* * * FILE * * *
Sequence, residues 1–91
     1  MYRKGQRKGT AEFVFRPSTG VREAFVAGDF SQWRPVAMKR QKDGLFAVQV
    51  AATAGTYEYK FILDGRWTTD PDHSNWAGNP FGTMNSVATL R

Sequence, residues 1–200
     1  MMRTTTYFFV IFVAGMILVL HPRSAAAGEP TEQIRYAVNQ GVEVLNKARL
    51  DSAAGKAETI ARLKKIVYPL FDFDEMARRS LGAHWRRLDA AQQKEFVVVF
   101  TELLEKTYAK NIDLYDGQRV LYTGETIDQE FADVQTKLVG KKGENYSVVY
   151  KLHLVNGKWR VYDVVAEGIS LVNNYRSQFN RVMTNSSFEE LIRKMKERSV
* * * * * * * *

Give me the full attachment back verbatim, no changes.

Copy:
Sequence, residues 1–91
     1  MYRKGQRKGT AEFVFRPSTG VREAFVAGDF SQWRPVAMKR QKDGLFAVQV
    51  AATAGTYEYK FILDGRWTTD PDHSNWAGNP FGTMNSVATL R

Sequence, residues 1–200
     1  MMRTTTYFFV IFVAGMILVL HPRSAAAGEP TEQIRYAVNQ GVEVLNKARL
    51  DSAAGKAETI ARLKKIVYPL FDFDEMARRS LGAHWRRLDA AQQKEFVVVF
   101  TELLEKTYAK NIDLYDGQRV LYTGETIDQE FADVQTKLVG KKGENYSVVY
   151  KLHLVNGKWR VYDVVAEGIS LVNNYRSQFN RVMTNSSFEE LIRKMKERSV